Scenes from Brunswick
Right before I started writing this I was thinking of Christmas, since it’s already December and this post is long overdue. As with many of my posts, I’m struggling to remember what it was I thought would be so absolutely to-die-for to write about when I first took the pictures, when I stood there then with head cocked to a side, lips slightly apart, with an “Oh” look on my face. Then when I return, after endless hours of being on planes or on questionably stable boats and finally in the comfort of my – really comfortable – $99 Ikea chair, it seems I need to concoct a world from scratch, to tell you what I see in hindsight when I put these pictures together.
Melbourne is like that place I never kinda want to go, since there’s always more exotic Scotland! London! Barcelona! to dream about. It’s also that place where after I end up in, wonder why I find it so hard to leave.
Melbourne is much better the second time around, the second in a year, in fact. Discovering Smith Street, or Bank Place, where we stayed in a cosy little hotel, was part of the second time charm. Really looking into the stores that I remember from Brunswick, however, was just as exciting. And then there was the eating, of course.
Naked for Satan is our number two on the list for places to share lights bites and great conversation, one of which is entirely up to you. The light bites portion, however, Naked for Satan takes care of pretty nicely. They have a solid repertoire of tapas at penny prices, called pintxo, which comes traditionally from northern Spain and translates literally from “spike”. Fitting, especially since their unique spread is served on baguette slices with a toothpick through its chesty center.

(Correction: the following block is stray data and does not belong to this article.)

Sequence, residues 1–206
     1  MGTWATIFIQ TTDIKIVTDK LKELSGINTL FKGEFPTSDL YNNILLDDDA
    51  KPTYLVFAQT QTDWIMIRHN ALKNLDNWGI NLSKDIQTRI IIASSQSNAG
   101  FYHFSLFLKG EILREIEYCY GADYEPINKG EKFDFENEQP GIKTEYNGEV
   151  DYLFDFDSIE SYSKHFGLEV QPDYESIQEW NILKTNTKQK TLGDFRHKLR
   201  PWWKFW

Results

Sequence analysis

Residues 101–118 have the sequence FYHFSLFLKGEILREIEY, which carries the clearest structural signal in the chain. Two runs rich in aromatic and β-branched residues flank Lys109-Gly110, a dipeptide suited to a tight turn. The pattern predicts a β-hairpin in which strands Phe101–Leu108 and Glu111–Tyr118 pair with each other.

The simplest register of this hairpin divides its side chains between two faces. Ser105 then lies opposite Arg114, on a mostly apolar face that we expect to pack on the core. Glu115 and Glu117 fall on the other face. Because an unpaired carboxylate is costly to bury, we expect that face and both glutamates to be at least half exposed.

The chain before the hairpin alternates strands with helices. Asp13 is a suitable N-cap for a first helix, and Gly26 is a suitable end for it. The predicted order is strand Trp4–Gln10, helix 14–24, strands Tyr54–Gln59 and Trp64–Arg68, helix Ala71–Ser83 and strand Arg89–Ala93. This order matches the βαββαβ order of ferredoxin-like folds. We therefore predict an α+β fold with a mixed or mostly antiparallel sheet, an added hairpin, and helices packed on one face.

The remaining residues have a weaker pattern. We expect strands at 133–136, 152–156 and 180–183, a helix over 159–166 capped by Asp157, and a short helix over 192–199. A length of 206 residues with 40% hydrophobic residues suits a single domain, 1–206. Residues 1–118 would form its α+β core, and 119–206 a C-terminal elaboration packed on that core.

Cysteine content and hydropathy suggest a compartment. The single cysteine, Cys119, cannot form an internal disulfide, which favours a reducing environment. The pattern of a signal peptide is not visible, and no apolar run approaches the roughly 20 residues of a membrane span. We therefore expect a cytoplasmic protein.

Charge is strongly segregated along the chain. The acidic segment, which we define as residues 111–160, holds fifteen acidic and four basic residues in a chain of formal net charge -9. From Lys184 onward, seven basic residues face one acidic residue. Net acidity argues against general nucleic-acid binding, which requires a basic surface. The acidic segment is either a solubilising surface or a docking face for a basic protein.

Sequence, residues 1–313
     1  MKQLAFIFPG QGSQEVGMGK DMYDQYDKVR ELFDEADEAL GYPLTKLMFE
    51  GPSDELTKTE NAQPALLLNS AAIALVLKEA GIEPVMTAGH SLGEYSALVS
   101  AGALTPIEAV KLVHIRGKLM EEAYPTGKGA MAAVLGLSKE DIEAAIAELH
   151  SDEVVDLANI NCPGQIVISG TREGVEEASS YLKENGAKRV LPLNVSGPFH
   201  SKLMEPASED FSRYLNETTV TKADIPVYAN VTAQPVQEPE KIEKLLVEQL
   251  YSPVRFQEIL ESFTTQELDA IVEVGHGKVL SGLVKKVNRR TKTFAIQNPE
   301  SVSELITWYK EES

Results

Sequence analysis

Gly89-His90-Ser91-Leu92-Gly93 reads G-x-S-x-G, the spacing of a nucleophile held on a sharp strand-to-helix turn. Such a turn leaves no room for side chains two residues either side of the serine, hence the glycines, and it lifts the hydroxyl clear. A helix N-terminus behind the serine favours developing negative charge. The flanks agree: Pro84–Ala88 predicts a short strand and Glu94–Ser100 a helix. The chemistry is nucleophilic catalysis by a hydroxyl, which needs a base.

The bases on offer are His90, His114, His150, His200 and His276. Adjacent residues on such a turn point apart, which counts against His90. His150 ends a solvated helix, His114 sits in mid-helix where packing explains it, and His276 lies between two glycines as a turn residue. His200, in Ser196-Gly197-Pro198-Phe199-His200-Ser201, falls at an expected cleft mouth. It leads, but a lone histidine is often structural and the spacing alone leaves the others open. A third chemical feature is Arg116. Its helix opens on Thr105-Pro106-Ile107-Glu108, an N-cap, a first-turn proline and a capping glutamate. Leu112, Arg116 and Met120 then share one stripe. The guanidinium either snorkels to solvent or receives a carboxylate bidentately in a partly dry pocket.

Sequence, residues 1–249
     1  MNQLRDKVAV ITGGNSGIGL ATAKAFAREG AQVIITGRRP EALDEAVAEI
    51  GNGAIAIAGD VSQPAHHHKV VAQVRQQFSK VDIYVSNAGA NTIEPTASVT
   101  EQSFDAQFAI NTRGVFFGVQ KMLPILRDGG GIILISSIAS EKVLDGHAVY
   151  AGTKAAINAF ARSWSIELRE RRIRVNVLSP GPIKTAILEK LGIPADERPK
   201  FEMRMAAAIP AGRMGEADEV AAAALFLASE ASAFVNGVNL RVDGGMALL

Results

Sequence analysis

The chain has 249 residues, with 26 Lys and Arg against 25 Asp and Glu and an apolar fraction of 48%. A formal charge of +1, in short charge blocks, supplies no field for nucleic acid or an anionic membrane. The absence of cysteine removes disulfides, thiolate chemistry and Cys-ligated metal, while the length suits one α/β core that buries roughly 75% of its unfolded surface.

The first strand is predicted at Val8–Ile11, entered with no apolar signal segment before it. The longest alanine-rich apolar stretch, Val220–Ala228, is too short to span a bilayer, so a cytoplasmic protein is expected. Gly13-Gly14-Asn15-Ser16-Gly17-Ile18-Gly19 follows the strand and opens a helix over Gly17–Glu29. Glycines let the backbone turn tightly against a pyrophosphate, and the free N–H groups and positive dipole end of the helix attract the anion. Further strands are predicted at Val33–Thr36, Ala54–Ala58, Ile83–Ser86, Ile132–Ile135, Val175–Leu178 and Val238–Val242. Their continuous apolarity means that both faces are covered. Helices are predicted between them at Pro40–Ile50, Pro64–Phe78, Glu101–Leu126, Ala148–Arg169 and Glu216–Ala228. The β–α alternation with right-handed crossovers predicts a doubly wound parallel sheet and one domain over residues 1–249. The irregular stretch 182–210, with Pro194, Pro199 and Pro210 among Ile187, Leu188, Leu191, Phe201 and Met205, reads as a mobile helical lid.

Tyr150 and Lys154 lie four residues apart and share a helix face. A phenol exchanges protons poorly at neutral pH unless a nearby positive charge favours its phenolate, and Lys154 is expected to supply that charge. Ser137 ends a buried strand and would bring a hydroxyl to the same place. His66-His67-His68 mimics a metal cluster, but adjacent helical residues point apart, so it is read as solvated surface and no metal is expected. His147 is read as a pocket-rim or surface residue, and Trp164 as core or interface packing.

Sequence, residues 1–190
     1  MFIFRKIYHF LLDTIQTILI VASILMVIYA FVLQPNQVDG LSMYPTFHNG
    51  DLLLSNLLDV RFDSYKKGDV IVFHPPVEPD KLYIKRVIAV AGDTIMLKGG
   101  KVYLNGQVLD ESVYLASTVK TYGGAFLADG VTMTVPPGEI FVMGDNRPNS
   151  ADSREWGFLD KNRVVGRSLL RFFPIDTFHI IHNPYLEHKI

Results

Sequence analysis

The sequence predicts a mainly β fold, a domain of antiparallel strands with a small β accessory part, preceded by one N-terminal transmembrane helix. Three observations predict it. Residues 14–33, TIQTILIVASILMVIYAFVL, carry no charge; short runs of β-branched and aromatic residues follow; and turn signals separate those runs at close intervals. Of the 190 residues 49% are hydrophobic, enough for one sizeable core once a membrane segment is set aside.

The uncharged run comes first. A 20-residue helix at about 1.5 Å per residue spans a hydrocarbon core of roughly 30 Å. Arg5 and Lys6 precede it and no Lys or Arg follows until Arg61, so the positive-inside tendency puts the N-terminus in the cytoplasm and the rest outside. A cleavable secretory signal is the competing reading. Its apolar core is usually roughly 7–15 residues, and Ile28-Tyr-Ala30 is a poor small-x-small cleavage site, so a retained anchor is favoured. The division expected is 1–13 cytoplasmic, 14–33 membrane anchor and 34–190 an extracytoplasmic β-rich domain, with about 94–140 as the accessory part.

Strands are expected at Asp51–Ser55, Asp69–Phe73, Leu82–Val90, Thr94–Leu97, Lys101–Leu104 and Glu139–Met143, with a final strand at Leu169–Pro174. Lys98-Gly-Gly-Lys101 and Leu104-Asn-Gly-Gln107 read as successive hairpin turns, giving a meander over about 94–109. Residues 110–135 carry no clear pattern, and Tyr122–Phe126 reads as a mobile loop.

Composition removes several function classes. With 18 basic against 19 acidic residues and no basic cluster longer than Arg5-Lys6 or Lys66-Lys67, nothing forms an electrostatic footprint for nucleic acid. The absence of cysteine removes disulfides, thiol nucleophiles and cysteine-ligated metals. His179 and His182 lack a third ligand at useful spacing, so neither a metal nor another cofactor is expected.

The combinations are fascinating – blue cheese, fried eggplant, cream cheese, green chilli, cherry tomatoes, scallops, salami or prawns. The little morsels are plenty intriguing, such as the pea puree, scallop and cherry tomato pintxo, or the carrot puree with salty salami. It’s so absolutely simple yet out-of-the-box that you could hardly ask for more when paired with a tall, cold brew.
Another jolly good place we couldn’t pass up was the Little Creatures Dining Hall, brewery and restaurant. Although I’m not a fan of the brew (I find sweet beers abominable, absolutely no Belgian beers for me, and Little Creatures toes the line a little), their food is crazy good. We tucked into savoury charred lamb ribs, cucumber and tomato salsa (sublime with a squeeze of lemon) – tastiest pieces you could ever hope to chew on. Then there was the ridiculously delicious chilli, tomato and fennel mussels, served with tender-centre, crunchy-side grilled bread. Ridiculous.
There’s food you love and you want to eat again, then there’s food you absolutely have to try at home. These mussels are both, things you can still taste in the back of your mind, things you decipher in your mind and tongue your teeth just imagining what you could possibly toss together to recreate something so good.
You know the feeling when you walk out of a restaurant pub after a full meal, and you feel that satisfaction that only comes when you’ve really enjoyed yourself; Brunswick does that for you. Every city has its own little enclave that the locals are gonna say, nah, it’s past its prime and its heydays are long gone, but I like coming back, from out of town, from out of the city, and just coming back to these places. Travelling a lot to Kuala Lumpur (Malaysia), and Auckland (NZ), like I do, or Bangkok (Thailand), as my partner does, you start to find little pockets in the city that you remember without a map, that you can point out to a cab driver without written directions. These are my scenes from Brunswick.